1923 - 1931. Inaugurated in 1923, with the initial contribution by British biologist J.B.S. Haldane, Daedalus, or Science and the Future, the popular To-day and To-morrow series of books began a decade-long tradition of describing the current status of science, technology and society, and forecasting a mostly progressive future for an educated, popular audience. But as the ‘progressive-era’ collided with the ‘age of anxiety’ and eventually the Great Depression, that future was now clouded with biological, technological, and/or sociological anxiety and controversy. This series of pocketbooks, described as pamphlets by London publisher Kegan Paul, Trench & Trubner (and simultaneously published in New York by E.P. Dutton) explored these controversies, including the perennially popular subject of eugenics and its environmental rival, euthenics. The series eventually expanded through the early 1930s to just over a hundred volumes. An example series advertising copy is included as a picture with this entry, and summaries of fifteen of the volumes most closely related to eugenics are provided in separate, linked entries.
Most of the titles for the individual volumes evoked apropos classical Greek or Roman heroes and other mythological figures, such as Daedalus, or Lysistrata, or Woman’s Future and the Future Woman (A.M. Ludovici, 1925). Almost all volumes shared the common formula of describing the present situation (and sometimes the past that led to it), then forecasting the future for the next century or so. Thus many books are prophesying what is now ‘our’ present-day, at their maximum long-range forecast. This is one of the truly fascinating aspects of reading the books in the To-day and To-morrow series, like critiquing the futuristic accuracy (or fantasy) of classic science fiction with the actual state of these ‘future’ affairs, from our 21st Century vantage-point of 20/20 hindsight.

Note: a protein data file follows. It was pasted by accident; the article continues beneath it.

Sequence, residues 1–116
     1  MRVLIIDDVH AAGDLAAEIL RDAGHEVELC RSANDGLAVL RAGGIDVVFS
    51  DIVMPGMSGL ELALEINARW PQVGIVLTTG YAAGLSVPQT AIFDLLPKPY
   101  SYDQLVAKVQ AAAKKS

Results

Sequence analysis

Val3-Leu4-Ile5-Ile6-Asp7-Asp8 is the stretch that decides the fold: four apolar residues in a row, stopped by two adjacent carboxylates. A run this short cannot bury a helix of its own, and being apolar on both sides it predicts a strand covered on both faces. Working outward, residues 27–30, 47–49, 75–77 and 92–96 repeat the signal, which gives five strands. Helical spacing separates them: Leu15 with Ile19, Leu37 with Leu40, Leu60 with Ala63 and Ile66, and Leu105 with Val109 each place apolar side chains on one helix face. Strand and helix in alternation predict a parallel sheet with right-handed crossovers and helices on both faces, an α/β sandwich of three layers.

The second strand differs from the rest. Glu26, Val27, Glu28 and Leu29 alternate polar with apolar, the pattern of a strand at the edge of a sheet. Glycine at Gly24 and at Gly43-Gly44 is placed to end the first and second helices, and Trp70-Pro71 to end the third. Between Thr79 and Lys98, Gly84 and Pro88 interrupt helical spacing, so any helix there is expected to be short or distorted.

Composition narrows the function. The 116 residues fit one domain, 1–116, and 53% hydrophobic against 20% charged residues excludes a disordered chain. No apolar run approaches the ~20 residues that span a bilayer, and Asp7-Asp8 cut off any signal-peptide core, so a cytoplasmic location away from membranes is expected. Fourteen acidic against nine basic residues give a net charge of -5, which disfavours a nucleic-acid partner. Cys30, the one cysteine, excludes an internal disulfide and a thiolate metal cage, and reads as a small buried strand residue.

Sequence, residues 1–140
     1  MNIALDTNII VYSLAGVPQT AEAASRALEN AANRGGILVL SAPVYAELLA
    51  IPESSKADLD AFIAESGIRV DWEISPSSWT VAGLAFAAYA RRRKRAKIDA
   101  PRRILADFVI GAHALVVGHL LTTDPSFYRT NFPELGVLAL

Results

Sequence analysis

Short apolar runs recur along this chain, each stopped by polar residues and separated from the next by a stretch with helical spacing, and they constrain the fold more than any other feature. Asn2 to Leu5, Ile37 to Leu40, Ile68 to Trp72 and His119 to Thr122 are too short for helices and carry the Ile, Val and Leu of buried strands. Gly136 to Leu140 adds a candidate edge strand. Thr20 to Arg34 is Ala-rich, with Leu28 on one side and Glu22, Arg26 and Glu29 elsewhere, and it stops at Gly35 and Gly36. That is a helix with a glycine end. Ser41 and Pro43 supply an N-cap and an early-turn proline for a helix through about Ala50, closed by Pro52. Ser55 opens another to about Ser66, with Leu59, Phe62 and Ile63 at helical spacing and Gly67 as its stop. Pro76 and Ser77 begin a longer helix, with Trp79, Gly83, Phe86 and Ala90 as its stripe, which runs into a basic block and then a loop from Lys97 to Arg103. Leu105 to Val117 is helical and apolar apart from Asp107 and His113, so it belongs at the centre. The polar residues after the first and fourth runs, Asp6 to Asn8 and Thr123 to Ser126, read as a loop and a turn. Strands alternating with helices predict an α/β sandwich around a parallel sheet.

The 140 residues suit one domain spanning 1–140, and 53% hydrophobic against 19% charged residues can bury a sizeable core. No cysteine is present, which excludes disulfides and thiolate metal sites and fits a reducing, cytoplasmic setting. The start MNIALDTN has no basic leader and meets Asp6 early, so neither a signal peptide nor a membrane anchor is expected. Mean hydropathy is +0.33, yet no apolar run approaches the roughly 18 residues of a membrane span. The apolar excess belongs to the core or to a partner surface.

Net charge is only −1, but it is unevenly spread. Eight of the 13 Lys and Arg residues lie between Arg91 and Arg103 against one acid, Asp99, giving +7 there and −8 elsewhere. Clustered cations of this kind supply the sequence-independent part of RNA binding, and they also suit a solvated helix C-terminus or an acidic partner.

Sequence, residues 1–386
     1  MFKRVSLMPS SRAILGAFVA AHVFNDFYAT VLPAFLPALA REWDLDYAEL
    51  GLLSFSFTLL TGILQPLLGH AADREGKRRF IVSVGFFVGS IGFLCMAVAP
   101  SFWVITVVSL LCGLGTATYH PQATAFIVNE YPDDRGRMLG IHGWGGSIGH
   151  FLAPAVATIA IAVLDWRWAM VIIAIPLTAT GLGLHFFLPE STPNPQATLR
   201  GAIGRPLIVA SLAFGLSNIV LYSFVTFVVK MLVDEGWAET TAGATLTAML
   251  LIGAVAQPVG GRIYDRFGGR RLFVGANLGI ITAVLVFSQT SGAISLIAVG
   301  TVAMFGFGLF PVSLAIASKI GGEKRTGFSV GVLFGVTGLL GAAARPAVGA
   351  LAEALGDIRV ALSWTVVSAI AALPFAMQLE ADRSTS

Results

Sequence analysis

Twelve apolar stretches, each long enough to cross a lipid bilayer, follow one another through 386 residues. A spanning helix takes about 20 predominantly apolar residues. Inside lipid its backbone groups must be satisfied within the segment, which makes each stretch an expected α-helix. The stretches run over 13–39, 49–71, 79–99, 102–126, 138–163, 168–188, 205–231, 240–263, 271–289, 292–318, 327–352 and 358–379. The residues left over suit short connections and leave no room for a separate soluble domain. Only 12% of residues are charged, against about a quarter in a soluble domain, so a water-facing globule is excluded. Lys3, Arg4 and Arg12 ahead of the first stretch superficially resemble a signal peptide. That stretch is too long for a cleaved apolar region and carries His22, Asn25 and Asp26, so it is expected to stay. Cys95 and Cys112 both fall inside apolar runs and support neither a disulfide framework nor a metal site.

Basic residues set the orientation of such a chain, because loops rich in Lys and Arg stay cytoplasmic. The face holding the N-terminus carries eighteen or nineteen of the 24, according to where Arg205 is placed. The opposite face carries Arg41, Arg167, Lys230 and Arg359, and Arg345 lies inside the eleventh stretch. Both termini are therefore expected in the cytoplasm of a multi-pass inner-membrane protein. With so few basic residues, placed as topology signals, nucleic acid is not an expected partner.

Blacker, C.P. (1926). Birth control and the State. London: Kegan Paul, Trench & Trubner.
Bowler, P.J. (2009). Science for all: the popularization of science in early twentieth-century Britain. Chicago: University of Chicago Press.
Crookshanks, F.G. (1924, 1931). The mongol in our midst. London: Kegan Paul, Trench & Trubner.
Haire, N. (1928). Hymen, or the future of marriage. London: Kegan Paul, Trench & Trubner.
Haldane, J.B.S. (1923). Daedalus, or science and the future. London: Kegan Paul, Trench & Trubner.
Jennings, H.S. (1925). Prometheus, or biology and the advancement of man. New York: E.P. Dutton & Co.
Keith, A. (1931). Ethnos; or the problem of race. London: Kegan Paul, Trench & Trubner.
Ludovici, A.M. (1925). Lysistrata, or womans future and the future woman. New York: E.P. Dutton & Co.
Russell, B. (1924). Icarus, or the future of science. New York: E.P. Dutton & Company.
Russell, D. (1925). Hypatia, or woman and knowledge. London: Kegan Paul, Trench & Trubner.
Schiller, F.C.S. (1924). Tantalus, or the future of man. London: Kegan Paul, Trench & Trubner.
Schraner, E. (2009). The to-day and to-morrow series. Interdisciplinary Science Reviews, 34(1), 107-115.